July 2023 Mortgage Update

On 22nd June, the Bank of England (BoE) raised base rates to 5%; the highest in 15 years. This news has caused concern about the interest rates consumers pay on borrowing, including their mortgages.

High base rates aim to bring inflation under control. In May 2023, inflation was at 8.7% – an improvement on the 40-year high of 11.1% in October 2022, but still a long way from the 2% target.

So, what does this mean? When is inflation (and interest) expected to fall, and what mortgage products will be affected by higher interest rates charged by banks and lenders?

The Link Between Inflation and Mortgage Repayment Costs
Inflation means that prices are rising. While a sustained level of growth is a sign of a growing economy, runaway inflation can make it hard for people to afford living costs. The BoE lifts base rates to try and bring inflation down.

Banks and lenders use the base rate as the basis for their lending, so the higher the base rate, the higher the interest rates charged by lenders, and equally, the higher the interest rates banks should pay out to their savers.

This most recent increase to the base rate will mean that:

  • Some mortgages on a variable and tracker rate will cost more to repay each month – although fixed-rate mortgages will not be affected.
  • First-time buyers may find it harder to secure a mortgage since the rates at which their affordability will be assessed are higher.
  • Homeowners with a fixed-rate mortgage about to end, or those planning to remortgage, will find the monthly cost higher, especially when switching from a fixed-term deal with a low rate.

The good news is that the BoE has indicated it expects ‘inflation will fall significantly’ before the end of this year, which should mean interest rates reduce as the base rate is lowered in line with an improving economic picture.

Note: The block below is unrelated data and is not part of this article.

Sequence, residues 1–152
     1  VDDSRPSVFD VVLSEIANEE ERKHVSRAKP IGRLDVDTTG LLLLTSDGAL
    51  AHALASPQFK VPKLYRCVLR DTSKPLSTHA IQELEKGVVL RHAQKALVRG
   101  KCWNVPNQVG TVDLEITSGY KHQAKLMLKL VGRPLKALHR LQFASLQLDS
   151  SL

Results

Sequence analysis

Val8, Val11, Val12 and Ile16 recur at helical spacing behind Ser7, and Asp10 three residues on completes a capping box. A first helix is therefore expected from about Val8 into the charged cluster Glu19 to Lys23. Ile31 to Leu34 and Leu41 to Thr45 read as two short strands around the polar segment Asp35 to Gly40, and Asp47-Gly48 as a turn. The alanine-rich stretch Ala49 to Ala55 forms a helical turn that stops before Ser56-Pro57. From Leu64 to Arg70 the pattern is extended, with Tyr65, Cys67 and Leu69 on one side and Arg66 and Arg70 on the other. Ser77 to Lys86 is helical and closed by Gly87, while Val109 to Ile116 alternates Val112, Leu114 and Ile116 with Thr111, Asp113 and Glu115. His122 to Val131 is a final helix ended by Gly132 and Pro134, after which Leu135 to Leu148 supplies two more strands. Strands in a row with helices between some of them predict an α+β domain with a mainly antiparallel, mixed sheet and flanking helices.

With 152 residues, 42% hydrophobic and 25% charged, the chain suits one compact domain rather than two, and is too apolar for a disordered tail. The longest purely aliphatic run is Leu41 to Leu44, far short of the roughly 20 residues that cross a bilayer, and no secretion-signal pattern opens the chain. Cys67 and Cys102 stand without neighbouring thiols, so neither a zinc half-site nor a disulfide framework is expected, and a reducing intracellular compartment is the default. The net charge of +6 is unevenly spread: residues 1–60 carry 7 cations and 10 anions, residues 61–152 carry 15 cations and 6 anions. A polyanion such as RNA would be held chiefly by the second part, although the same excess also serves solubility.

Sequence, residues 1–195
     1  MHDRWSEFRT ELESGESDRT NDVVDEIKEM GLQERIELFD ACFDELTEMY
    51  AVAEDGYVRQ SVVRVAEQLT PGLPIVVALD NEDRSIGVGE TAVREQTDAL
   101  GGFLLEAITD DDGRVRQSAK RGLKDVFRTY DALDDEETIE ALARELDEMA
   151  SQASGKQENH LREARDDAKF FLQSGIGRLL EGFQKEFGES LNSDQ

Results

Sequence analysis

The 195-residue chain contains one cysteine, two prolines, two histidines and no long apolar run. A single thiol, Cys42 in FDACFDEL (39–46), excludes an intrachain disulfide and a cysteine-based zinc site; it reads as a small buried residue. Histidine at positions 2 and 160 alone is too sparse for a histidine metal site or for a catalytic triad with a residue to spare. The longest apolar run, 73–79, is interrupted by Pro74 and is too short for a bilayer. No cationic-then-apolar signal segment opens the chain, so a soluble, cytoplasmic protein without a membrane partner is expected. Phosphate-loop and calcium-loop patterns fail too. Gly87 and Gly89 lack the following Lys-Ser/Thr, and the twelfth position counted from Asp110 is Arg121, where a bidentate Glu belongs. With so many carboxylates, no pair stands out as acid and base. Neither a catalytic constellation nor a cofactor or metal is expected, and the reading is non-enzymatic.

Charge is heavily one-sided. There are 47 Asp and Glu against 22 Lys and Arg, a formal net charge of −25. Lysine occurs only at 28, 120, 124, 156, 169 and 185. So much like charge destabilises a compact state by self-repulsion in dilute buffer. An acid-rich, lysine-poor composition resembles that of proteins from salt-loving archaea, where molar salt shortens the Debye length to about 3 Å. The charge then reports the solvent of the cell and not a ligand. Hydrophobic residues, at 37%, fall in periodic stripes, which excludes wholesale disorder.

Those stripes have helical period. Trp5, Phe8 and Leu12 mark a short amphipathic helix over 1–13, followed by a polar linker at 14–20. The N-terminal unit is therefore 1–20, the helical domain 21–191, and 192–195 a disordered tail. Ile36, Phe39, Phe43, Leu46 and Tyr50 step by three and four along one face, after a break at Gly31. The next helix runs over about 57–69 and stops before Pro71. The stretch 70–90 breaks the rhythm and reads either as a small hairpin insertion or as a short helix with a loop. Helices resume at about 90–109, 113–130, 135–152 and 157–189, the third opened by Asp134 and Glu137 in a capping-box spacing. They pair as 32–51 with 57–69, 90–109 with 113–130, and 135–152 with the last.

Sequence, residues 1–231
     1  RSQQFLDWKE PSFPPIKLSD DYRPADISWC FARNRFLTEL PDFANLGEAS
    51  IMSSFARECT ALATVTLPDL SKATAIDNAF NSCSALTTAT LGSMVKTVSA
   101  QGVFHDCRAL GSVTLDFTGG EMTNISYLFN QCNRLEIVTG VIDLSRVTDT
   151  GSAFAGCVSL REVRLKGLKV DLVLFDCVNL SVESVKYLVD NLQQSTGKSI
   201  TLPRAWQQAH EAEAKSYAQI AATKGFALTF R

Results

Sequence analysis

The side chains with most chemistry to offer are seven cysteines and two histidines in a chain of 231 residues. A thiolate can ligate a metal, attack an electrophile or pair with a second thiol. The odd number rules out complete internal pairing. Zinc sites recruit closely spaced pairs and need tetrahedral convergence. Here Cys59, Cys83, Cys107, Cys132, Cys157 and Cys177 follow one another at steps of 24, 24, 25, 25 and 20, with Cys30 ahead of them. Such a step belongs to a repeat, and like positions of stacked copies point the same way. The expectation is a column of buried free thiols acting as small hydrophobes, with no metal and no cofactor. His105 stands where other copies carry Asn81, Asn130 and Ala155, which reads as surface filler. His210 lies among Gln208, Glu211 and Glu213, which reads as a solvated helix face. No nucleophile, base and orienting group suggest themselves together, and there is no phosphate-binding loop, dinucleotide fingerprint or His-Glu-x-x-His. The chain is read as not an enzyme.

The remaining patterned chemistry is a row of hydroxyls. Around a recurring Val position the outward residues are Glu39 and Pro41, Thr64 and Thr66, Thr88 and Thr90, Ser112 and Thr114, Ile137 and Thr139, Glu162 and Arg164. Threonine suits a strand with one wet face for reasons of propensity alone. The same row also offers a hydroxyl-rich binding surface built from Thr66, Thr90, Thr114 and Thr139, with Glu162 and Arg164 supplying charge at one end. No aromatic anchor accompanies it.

Changes to the UK Mortgage Market in Light of Higher Base Rates
Mortgage lenders react to market pressures differently, but the increase in base rates also means the swap rates – the rates banks charge when they borrow through the wholesale market – have also risen.

Some lenders will reprice mortgage rates, particularly on fixed-rate mortgages, sometimes at very short notice to respond to announcements by the BoE or changes within the swap rate.

Others may withdraw products from the market, with Coventry, NatWest and Halifax announcing increases and Santander and HSBC temporarily removing all new borrower products. One of the important considerations for borrowers is that they are fully aware of these changes if they are partway through an application.

At Alpha Independent Financial Planners, we recommend any borrowing applicant with concerns over whether a product has been or is likely to be withdrawn or keen to verify whether an offered interest rate still stands to get in touch as soon as possible.

Please note: This blog is for general information only and does not constitute advice. The information is aimed at retail clients only.

Not all mortgage contracts are regulated by the Financial Conduct Authority. Think carefully before securing other debts against your home. Your home may be repossessed if you do not keep up repayments on your mortgage.